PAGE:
It was a long afternoon for Heisman Trophy winner Lamar Jackson and No. 13 Louisville (9-4) in the Buffalo Wild Wings Citrus Bowl, as No. 20 LSU (8-4) used its signature defense to sack the Heisman quarterback eight times and limit the once College Football Playoff contenders to just nine points in a 29-9 victory.
Louisville was held to just 220 yards of offense and was an astounding 2-for-17 on third down conversion attempts. Jackson ended his 2016 Heisman season with just 10-of-27 passing for 153 yards without a score. Jackson rushed for a net-gain of 33 yards despite being taken down eight times. Tashawn Bower recorded three of those sacks, and Arden Kelly had two more. And check out how Jamal Adams tracked down Jackson on this play (look where Adams starts the play)…
LSU was playing without running back Leonard Fournette, but Derrius Guice was ready to lead the offense with 138 rushing yards and a touchdown. As a result, Guice ended the season as the SEC’s rushing leader, just nudging his way past Mississippi State quarterback Nick Fitzgerald. Guice will be back for the 2017 season, which means LSU should have one of the top running backs to utilize in its offense, and that is a very good thing.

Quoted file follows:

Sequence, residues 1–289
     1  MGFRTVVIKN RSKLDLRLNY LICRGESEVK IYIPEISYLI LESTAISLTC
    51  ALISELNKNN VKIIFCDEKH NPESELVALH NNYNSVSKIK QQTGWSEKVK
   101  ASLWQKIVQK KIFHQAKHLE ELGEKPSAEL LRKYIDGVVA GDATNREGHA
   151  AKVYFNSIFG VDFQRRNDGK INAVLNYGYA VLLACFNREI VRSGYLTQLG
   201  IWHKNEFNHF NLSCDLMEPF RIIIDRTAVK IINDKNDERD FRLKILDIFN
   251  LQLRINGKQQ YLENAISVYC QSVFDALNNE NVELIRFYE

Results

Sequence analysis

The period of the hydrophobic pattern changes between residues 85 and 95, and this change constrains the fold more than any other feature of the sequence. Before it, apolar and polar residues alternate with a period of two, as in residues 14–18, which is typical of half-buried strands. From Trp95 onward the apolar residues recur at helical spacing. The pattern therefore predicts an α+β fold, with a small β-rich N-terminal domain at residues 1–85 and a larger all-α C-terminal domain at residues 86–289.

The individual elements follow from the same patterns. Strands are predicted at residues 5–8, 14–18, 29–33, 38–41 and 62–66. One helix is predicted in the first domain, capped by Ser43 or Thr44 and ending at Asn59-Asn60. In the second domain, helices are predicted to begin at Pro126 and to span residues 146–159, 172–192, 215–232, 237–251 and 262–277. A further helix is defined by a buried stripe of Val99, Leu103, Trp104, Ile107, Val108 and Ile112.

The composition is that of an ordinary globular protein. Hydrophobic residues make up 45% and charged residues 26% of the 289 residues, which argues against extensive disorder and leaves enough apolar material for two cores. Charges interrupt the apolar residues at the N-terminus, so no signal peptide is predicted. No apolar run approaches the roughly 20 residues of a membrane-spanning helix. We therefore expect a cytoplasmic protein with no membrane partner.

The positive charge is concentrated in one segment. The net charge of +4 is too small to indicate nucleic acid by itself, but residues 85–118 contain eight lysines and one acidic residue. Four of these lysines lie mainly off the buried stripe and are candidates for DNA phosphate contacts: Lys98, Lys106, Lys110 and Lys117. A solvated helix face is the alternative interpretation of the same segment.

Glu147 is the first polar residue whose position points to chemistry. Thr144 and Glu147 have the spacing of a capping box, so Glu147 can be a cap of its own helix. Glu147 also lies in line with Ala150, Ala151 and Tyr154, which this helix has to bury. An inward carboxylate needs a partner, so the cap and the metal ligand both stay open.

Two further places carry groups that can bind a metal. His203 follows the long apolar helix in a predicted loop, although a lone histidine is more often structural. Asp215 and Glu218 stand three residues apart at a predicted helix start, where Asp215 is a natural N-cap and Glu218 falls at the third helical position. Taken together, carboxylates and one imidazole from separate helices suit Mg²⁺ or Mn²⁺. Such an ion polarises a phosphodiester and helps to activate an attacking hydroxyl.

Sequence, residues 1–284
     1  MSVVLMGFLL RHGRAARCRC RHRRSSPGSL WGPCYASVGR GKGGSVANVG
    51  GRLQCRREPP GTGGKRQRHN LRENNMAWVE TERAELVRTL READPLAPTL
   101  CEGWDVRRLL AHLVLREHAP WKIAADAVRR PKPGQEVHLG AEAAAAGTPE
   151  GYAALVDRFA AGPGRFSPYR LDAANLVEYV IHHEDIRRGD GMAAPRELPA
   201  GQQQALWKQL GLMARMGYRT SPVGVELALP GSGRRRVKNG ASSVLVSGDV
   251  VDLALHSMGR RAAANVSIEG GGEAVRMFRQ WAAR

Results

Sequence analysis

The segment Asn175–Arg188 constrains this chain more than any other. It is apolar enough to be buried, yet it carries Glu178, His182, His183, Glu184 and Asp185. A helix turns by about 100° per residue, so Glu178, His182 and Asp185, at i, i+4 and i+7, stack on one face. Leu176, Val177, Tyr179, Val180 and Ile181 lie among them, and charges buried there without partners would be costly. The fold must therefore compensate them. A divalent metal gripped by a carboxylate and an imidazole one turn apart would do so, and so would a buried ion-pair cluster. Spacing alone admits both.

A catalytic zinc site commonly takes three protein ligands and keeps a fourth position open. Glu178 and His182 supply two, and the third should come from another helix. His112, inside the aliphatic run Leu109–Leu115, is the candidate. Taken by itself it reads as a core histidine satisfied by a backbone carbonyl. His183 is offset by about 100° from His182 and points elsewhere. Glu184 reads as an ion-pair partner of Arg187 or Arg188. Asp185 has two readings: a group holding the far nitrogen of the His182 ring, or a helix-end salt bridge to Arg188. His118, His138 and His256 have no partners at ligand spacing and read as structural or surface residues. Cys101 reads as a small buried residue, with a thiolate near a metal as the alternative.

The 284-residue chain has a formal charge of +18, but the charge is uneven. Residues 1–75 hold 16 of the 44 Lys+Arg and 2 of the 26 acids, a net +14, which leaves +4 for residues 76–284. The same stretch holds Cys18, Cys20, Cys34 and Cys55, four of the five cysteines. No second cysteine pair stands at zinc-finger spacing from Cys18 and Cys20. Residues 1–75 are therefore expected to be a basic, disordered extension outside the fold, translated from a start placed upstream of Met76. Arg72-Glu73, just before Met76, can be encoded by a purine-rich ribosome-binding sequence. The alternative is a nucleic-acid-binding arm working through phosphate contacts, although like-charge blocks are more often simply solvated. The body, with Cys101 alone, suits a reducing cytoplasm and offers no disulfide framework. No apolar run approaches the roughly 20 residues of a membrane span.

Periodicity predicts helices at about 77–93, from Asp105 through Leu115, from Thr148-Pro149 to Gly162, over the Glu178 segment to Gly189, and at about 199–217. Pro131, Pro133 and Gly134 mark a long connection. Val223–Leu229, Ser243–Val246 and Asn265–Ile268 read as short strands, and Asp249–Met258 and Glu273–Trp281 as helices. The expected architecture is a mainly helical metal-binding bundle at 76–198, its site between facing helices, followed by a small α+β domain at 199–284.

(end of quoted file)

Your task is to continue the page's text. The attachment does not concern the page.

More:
LSU will now once again ride this wave of optimism and look to build on that in the offseason leading up to the start of the 2017 season. This is now Ed Orgeron‘s program and he will be adding one of the top offensive coordinators to the staff in Matt Canada, to go along with already having one of the top defensive coordinators in Dave Aranda. The addition of Canada should help solve some concerns with the LSU offense, although trusting the running game is a nice luxury to have in 2017. LSU will begin the 2017 season in Houston for a neutral-site game against BYU on Saturday, September 2, 2017. LSU will have a challenging SEC schedule next season with road games at Florida (thanks to the rescheduling development this season), Alabama and Tennessee.